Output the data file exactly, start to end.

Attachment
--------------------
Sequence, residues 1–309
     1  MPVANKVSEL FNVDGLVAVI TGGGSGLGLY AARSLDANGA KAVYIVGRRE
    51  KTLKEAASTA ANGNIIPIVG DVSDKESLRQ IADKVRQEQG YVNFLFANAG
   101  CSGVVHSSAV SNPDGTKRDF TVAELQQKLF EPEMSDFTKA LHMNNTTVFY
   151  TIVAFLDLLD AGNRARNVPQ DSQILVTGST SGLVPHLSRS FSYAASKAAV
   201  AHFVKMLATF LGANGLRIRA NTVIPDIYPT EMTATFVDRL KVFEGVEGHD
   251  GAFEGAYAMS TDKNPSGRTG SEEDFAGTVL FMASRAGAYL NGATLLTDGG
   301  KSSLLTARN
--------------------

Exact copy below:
Sequence, residues 1–309
     1  MPVANKVSEL FNVDGLVAVI TGGGSGLGLY AARSLDANGA KAVYIVGRRE
    51  KTLKEAASTA ANGNIIPIVG DVSDKESLRQ IADKVRQEQG YVNFLFANAG
   101  CSGVVHSSAV SNPDGTKRDF TVAELQQKLF EPEMSDFTKA LHMNNTTVFY
   151  TIVAFLDLLD AGNRARNVPQ DSQILVTGST SGLVPHLSRS FSYAASKAAV
   201  AHFVKMLATF LGANGLRIRA NTVIPDIYPT EMTATFVDRL KVFEGVEGHD
   251  GAFEGAYAMS TDKNPSGRTG SEEDFAGTVL FMASRAGAYL NGATLLTDGG
   301  KSSLLTARN